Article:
A March for Peace

On Saturday 22nd September, around thirty people from Arran’s CND group joined hundreds of demonstrators at the naval base on the Clyde, for the international anti-nuclear rally organised by Scottish CND.      

The journey from Ardrossan to Faslane

A bus met us off the first boat in Ardrossan and drove first to Helensburgh and then onto the Peace Camp at Faslane. Here coaches arrived from all over Scotland, and further afield, bringing people from as far north as Cromarty and Inverness, and from Manchester and Reading south of the border. There were representatives from groups including the Quakers, and Badger Trust, and members from the Clydebank Trades Council. And there were individuals who came, including gardeners, who shared their wish for a  ‘Nuclear Free World for Fuchsias’. Folk came with flags and banners, with guitars and bagpipes, and with their hope for a world free of nuclear weapons.

The radical singing group Protest in Harmony gathered at the Peace camp before the walk to the naval base, and sang peace classics such as ‘Deep Blue Sea’ by Pete Seeger, as well as an original interpretation of the Can Can – the ICAN (International Campaign to Abolish Nuclear Weapons) Can Can!

The Peace Camp has had a continuous presence near the Trident base since 1982, when Bobby and Margaret Harrison pitched their tent on a grass verge on the side of the A82. Bobby and Margaret Harrison were well known peace campaigners and a formidable force in CND from its foundation in 1958. They were arrested many times during demonstrations at Faslane and Holy Loch, the latter being the home of a US ballistic missile submarine base from 1961 to 1992.

In 1981, along with other campaigners, Bobby and Margaret cycled from Iona to Canterbury on a Pilgrimage of Peace, requesting Nuclear Disarmament. Beginning on Good Friday, they set off, stopping along the way to publicise the issues posed by the stockpiling of nuclear weapons and the use of Trident as a defence strategy. They visited the Civil Defence College and bunker at Easingwold and joined fellow demonstrators at Aldermaston and Greenham Common. On reaching London on 3 June, Margaret and her fellow pilgrims visited Downing Street but Margaret Thatcher, the Prime Minister, was ‘too busy’ to see them. They did however leave a box with thousands of signatures, stating that people were prepared to live in a ‘world without arms’.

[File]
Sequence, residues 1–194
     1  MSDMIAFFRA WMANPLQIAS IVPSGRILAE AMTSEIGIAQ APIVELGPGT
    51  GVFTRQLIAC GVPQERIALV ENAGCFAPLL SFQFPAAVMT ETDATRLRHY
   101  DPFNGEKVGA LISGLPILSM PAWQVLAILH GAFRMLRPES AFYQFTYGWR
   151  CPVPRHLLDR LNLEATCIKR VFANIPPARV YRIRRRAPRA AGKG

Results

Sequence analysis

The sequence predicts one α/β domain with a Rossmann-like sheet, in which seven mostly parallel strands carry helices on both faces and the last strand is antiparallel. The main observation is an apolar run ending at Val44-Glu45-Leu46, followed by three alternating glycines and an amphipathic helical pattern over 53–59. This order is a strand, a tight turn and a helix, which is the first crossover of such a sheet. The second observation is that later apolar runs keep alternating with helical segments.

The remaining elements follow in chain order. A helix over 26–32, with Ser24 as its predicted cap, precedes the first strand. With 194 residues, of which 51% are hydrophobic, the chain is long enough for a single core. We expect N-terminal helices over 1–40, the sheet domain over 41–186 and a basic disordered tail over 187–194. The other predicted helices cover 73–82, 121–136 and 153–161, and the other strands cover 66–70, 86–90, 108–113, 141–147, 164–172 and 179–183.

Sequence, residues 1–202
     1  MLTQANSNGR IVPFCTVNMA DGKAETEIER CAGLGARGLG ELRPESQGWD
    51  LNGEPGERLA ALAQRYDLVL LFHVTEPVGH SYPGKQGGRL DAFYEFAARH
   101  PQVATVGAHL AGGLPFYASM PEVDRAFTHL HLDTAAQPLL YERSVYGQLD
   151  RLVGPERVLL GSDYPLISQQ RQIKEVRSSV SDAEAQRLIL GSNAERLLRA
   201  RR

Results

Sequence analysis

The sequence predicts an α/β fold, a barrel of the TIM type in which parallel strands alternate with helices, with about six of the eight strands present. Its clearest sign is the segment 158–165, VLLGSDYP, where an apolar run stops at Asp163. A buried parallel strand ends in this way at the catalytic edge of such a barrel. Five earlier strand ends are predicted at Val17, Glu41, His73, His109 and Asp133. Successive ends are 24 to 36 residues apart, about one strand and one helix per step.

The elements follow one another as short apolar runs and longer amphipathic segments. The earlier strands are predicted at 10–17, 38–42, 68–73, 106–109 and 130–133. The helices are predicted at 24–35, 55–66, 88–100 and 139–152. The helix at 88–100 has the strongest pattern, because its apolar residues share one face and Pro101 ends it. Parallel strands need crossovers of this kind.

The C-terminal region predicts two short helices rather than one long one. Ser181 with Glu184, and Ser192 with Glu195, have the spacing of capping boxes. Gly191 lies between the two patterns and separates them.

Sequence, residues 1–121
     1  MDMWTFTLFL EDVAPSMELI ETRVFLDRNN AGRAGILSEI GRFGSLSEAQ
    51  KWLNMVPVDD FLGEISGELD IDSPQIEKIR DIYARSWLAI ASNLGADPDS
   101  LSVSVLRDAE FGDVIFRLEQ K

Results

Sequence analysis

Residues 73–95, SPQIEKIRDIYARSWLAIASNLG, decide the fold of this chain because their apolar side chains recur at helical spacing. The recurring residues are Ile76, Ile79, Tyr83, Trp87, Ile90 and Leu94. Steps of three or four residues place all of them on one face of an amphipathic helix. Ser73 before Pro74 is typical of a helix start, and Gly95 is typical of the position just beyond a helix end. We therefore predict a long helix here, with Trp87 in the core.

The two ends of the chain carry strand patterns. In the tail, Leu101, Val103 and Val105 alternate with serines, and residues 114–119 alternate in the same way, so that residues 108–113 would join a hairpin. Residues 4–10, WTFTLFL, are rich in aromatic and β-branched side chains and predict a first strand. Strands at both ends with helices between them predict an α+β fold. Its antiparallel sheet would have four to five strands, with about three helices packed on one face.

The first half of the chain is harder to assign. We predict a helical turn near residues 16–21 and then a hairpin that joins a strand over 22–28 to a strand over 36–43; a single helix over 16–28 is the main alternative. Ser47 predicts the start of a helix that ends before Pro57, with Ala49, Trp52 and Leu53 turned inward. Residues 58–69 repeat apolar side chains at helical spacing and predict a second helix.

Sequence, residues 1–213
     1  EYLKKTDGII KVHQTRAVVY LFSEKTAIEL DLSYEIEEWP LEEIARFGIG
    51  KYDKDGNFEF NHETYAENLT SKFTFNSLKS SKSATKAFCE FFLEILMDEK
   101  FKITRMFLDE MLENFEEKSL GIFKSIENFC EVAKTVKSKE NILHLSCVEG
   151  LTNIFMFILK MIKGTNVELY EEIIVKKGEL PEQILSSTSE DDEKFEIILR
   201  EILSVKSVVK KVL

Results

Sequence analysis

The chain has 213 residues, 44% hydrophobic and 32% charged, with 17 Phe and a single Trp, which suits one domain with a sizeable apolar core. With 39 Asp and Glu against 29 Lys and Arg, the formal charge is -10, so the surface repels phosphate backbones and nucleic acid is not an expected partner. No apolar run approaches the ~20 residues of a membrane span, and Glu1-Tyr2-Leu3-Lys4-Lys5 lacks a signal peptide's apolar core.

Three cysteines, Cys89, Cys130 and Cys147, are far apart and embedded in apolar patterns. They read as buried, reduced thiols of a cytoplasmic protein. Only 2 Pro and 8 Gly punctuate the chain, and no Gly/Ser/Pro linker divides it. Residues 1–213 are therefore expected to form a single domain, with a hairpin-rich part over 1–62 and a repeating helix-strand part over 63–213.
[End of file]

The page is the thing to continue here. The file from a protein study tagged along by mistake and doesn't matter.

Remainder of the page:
On Saturday, the crowd walked the mile or so from the peace camp to the north gate of the HMNB Naval Base Clyde decorating the 10 ft high fence which surrounds the base with origami cranes, banners and messages for peace as they went.

Once at the gates of the navy base, Jackie Kay, poet and scottish Makar addressed the crowd, telling of her childhood visits to Faslane and her history of peace campaigning with her family. She read poems that shared her belief in a world without nuclear weapons before we heard from peace campaigners from around the world. There were speakers from Germany, Holland, Russia, Israel, and America, who conveyed their solidarity with Scotland and the message that we are a country with a unique role at the moment – a devolved and relatively autonomous nation that is hosting nuclear weapons despite the majority of people and the Scottish government being against their presence here.

Looking through the fence at Faslane, with submarine parked in the middle distance

Organisers from Scottish CND said: “Scotland is a significant and relatively autonomous part of a nuclear-armed state which opposes its possession of weapons of mass destruction. As things stand we cannot become a party to the new UN Treaty for the Prohibition of Nuclear Weapons, but there are lots of ways in which we can align ourselves to the Treaty. The rally is a fine opportunity to mark our determination to do so.”

There was a small amount of media coverage of the demonstration. Out of all the demonstrators, flags and banners that were at the rally, this picture below was chosen by the journalist and posted on the BBC website! It is of King’s Cross resident and long time peace activist John Webster (on the left) with one of the Isle of Arran banners, very clearly telling the world what (some of) Arran thinks about Trident!